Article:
This outcome is due, in part, to the outpouring of messages we received from our authors, which we then passed on to Barnes & Noble. Your supportive messages and your concerns did not go unheard!

As a result, B&N re-evaluated our account and determined that there was an errorand its an error that is actually a good sign for all Draft2Digital authors.

The decision to pay only 1/3 of payments due was made with B&Ns large, traditional publisher accounts in mind. The error was that the volume of books distributed and sold via Draft2Digital inadvertently put us in that category.

In short, so many of you publish and sell on B&Ns Nook platform, via D2D, that we were mistakenly considered one of the big publishers!

Once B&N realized their mistake, they rectified it immediately. Funds are being transferred to us, and we will be able to pay you the full amount without having to cover any of it ourselves.

Barnes & Noble was emphatic in their apology for this oversight, and equally emphatic about how much they appreciate and strongly support self-published authors. They have indicated to us that it was never their intention to withhold funds from D2Ds author community.

We are very happy with this outcome, and we appreciate Barnes & Nobles expedience in resolving it. But we want to extend our heartfelt and sincere appreciation and gratitude to you.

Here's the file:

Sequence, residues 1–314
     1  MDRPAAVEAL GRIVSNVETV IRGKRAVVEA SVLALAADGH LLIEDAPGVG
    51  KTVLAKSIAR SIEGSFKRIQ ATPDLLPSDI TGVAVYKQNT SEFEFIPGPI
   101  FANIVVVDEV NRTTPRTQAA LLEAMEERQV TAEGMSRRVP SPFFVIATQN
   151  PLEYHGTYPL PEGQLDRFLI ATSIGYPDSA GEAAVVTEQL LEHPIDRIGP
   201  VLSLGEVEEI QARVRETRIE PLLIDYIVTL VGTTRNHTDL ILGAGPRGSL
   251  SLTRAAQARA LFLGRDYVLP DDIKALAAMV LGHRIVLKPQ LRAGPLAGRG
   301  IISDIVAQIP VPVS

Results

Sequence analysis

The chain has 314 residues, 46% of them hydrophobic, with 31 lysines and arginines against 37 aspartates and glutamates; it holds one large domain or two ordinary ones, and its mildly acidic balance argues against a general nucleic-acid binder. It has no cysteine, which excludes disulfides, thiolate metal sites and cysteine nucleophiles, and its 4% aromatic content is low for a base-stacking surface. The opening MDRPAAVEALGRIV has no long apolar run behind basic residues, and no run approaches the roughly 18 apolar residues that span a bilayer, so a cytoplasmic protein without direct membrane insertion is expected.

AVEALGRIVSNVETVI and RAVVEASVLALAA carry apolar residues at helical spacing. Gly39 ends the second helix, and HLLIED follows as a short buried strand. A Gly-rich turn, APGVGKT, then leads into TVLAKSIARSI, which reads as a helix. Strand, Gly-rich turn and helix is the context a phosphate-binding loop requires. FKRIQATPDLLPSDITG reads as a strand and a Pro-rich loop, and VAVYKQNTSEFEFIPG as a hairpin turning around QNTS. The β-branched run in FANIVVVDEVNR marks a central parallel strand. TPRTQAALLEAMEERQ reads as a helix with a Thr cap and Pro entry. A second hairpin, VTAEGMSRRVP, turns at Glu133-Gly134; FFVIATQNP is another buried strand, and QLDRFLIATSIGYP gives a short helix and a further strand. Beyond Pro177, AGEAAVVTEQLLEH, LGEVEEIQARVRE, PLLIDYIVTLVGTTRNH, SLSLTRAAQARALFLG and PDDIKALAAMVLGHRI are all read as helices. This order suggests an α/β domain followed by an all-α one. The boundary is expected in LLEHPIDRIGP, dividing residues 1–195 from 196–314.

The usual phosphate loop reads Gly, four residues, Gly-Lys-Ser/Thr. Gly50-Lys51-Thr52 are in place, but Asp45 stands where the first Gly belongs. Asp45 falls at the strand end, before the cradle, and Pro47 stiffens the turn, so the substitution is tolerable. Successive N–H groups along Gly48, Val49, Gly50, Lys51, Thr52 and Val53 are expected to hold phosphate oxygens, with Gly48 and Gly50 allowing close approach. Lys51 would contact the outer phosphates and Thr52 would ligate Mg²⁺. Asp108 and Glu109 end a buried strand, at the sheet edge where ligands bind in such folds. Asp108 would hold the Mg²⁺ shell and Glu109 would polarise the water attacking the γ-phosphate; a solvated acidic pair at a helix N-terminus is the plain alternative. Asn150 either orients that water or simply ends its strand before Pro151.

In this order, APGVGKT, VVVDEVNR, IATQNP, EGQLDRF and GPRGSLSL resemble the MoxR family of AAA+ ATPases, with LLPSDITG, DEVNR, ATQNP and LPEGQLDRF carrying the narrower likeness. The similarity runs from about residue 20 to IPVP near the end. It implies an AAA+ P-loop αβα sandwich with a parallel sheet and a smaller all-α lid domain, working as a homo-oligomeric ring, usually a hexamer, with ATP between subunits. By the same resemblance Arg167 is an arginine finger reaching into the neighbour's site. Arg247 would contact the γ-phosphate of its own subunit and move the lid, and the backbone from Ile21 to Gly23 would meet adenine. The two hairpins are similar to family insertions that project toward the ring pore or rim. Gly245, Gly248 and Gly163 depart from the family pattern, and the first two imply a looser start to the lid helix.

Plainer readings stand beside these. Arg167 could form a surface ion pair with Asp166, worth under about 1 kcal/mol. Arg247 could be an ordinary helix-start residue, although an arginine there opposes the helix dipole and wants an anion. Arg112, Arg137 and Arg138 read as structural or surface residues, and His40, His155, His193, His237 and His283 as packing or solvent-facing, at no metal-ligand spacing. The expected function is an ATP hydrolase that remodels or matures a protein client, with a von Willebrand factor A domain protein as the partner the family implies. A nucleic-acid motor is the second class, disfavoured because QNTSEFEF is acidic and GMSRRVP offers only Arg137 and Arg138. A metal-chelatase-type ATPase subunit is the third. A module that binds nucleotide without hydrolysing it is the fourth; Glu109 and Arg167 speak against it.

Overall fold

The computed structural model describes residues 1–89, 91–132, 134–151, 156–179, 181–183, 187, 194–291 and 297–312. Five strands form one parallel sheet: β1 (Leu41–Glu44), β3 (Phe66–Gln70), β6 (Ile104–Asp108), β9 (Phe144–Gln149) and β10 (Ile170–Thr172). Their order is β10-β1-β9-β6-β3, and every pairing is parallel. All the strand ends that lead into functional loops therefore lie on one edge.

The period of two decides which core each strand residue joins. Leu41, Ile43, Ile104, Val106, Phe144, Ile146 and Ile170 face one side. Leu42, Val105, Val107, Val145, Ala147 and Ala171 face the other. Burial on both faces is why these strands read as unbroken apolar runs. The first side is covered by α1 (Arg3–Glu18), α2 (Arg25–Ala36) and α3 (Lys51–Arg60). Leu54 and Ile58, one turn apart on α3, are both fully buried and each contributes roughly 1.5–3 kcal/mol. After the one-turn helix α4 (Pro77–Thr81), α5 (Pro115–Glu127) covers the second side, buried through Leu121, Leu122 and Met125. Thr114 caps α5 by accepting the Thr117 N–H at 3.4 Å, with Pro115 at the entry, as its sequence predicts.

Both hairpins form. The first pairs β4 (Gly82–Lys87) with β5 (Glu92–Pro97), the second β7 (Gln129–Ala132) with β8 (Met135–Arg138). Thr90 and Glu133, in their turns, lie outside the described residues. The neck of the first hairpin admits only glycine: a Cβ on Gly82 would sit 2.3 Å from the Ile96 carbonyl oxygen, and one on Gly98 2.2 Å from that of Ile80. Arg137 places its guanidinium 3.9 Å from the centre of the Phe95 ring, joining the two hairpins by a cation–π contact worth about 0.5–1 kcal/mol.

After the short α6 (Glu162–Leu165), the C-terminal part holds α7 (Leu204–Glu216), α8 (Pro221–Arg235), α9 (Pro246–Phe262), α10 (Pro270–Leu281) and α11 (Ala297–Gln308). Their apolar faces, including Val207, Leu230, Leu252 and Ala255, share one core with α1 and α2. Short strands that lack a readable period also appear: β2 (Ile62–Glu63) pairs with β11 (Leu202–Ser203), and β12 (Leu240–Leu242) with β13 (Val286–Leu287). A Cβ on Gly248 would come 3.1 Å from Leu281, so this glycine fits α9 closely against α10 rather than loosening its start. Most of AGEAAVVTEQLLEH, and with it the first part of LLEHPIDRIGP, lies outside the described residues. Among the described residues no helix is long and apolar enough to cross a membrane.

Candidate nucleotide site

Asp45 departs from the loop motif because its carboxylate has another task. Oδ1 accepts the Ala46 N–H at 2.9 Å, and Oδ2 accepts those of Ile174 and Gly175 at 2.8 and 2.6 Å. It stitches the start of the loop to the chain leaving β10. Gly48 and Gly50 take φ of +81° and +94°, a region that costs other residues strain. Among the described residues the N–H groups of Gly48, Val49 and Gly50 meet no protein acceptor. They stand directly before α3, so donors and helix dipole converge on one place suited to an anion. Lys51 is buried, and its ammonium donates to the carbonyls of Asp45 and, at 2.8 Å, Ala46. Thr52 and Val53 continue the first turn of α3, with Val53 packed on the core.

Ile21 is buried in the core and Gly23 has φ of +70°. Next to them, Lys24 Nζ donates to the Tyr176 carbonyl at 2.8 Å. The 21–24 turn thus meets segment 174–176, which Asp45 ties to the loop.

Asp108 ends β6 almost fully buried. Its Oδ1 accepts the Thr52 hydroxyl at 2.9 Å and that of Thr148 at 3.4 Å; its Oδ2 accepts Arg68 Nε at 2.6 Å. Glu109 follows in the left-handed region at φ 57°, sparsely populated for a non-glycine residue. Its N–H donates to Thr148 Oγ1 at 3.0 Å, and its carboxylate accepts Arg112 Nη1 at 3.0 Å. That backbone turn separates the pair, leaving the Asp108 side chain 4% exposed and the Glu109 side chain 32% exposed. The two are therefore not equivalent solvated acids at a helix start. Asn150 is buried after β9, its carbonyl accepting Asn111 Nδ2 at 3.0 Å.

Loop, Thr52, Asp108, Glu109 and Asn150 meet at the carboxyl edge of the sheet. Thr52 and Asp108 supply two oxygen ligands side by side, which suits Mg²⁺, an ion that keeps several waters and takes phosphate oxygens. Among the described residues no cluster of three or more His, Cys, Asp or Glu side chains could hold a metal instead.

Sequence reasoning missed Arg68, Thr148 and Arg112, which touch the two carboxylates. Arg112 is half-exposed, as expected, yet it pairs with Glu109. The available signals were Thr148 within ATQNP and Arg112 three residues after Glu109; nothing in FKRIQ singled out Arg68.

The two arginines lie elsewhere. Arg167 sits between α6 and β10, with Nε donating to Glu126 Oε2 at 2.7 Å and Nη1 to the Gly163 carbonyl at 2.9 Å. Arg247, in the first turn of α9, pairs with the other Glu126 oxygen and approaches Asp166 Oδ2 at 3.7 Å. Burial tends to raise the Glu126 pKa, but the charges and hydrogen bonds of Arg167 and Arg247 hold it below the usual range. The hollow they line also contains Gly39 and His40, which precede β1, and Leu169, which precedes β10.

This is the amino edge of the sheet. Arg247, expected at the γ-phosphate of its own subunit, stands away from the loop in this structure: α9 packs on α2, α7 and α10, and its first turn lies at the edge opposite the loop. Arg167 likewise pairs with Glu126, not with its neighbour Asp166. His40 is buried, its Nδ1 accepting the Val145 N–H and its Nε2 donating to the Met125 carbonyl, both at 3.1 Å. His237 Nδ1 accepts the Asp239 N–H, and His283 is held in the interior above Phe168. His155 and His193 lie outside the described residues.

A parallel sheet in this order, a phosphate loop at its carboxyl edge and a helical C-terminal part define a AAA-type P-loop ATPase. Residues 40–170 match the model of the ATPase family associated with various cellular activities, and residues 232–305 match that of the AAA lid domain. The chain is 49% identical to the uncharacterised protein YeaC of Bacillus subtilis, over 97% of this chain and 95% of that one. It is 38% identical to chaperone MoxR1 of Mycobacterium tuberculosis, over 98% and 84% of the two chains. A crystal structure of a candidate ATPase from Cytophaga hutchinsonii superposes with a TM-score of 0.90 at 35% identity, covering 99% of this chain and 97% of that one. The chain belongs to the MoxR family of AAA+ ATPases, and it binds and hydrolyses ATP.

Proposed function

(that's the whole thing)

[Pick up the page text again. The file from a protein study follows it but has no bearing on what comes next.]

We have always said that our authors are not just our business; they are the best reason to be in business at all. You proved that we were right. Our faith in you has been rewarded.

Thank you, sincerely, from the Draft2Digital Team
« Last Edit: April 25, 2020, 12:36:32 AM by TimothyEllis »
 

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Quote
The decision to pay only 1/3 of payments due was made with B&Ns large, traditional publisher accounts in mind.

That still tells me they are skating on thin and cracking ice.

And that the trads have a problem.
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notthatamanda

Quote
The decision to pay only 1/3 of payments due was made with B&Ns large, traditional publisher accounts in mind.

That still tells me they are skating on thin and cracking ice.

And that the trads have a problem.
No doubt. But I'm not losing sleep over that.
 

Jeff Tanyard

I got the update email, too.  Excellent news.   :dance:


Quote
This outcome is due, in part, to the outpouring of messages we received from our authors, which we then passed on to Barnes & Noble. Your supportive messages and your concerns did not go unheard!


And that, ladies and gentlemen, is why D2D is freakin' awesome.  They didn't have to pass those emails on.  They didn't even have to read those emails at all.  Some companies would have just ignored the protests of the unwashed masses.  But D2D isn't just "some company."  They are, in my opinion, the gold standard in this crazy biz.
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An interesting reason not to go direct with Barnes and Noble, though one I would never have thought of in my wildest dreams.